Day 10: This morning we witnessed three black-backed jackals hunt for a meal from among a large herd of impala. They attacked as one, choreographed, each from a different point of a triangle, diving into the herd. As one, the three quickly cut a mother and her young fawn from the protection of the group. Another female and two young male impalas ran after them all while the large, obviously dominant male remained behind, bellowing loudly to call the rest of the herd back together (I counted at least 20 other animals).
The jackals quickly got between the mother and her baby and soon disappeared, along with the fleeing fawn, deeper into the tall grasses and then the forest just beyond. The mother stopped at the edge of that forest, wandering up and down the line of its border of trees, pacing, braying loudly, and then more quietly, more quietly and more infrequently. The three other adults who followed her watched her as she watched the woods. There was no sign of the baby, at least none we could see, nor of the animals who had chased her. We did not see the kill, but I assume the baby's brief life ended this morning.
We softly said the words in Swahili we'd learned to tell our guide we were ready to move on, and so we drove off, the mother's bray now far less frequent, far more quiet. This is the sound of a mother mourning. Do not tell me that animals do not experience emotion, or I will know you to be a fool or completely unobservant of the world we share with others.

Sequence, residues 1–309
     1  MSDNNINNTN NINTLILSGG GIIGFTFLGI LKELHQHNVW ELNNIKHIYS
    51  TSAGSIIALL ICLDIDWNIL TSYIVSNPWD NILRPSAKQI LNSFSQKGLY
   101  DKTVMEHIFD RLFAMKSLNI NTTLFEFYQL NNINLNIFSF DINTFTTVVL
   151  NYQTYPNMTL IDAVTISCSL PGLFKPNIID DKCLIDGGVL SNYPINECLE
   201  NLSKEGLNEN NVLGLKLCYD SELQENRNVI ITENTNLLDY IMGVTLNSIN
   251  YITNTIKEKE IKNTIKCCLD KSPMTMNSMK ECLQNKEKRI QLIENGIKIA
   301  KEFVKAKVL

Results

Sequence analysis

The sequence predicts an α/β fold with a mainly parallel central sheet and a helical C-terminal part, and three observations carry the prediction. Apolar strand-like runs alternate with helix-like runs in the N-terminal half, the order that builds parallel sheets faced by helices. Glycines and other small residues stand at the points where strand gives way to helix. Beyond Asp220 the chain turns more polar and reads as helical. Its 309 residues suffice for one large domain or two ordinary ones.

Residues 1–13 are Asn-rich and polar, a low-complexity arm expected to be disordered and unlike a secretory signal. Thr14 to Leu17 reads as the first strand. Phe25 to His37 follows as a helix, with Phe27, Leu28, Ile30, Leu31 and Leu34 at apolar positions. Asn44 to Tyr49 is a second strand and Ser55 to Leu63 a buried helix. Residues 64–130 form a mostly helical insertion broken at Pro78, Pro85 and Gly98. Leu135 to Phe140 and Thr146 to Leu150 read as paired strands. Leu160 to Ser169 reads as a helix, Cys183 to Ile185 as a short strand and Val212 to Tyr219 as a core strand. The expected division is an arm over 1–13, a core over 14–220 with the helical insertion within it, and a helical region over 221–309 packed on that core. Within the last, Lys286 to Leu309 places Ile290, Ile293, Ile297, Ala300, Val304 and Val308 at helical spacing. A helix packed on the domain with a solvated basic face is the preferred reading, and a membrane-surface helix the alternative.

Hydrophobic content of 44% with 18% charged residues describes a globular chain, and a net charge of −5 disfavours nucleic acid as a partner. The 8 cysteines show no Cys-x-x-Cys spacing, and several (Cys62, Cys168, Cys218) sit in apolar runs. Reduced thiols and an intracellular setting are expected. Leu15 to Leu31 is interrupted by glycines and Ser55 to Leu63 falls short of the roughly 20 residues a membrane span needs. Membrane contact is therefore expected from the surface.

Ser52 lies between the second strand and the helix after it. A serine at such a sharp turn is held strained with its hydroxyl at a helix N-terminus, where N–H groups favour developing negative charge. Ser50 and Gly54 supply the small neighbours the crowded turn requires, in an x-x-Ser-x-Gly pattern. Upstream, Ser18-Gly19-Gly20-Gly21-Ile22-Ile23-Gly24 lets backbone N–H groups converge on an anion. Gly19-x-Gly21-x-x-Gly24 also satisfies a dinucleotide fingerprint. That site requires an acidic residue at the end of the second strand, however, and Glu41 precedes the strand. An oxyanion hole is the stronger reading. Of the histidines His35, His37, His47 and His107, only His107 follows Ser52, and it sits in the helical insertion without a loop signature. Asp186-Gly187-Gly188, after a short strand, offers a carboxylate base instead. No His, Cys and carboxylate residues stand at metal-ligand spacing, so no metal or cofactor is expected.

We drove off, passing dozens of well fed and fierce looking hyenas, all muscle, then crossed over the Mara River. A thousand Abdim's storks covered the shore, their purple-black heads and backs shining in the sun, along with dozens of hippos resting in the sand and one lone bull elephant standing, his reflection mirrored in the quiet water of the river. He is probably an old animal, one who has left the herd, no family close by.
The few people I know who had been so fortunate to come to Africa had all told me that their journeys here had changed their lives, although none of them could express very clearly in what way or ways it had done so. As I near the end of my own time here I can see that they are correct, and that I am going to stumble as much as they did with my own attempts to explain what I mean by that. Let me try.
I came here knowing full well that animals experience pain, love, happiness, sadness, mourning, but now I know it even better. I came here not knowing as well as I know now, or certainly not as aware as I am at this moment (being aware a different thing than knowing) that each of us is a scant individual in a much larger scheme. I will leave here hoping to hold onto all of that.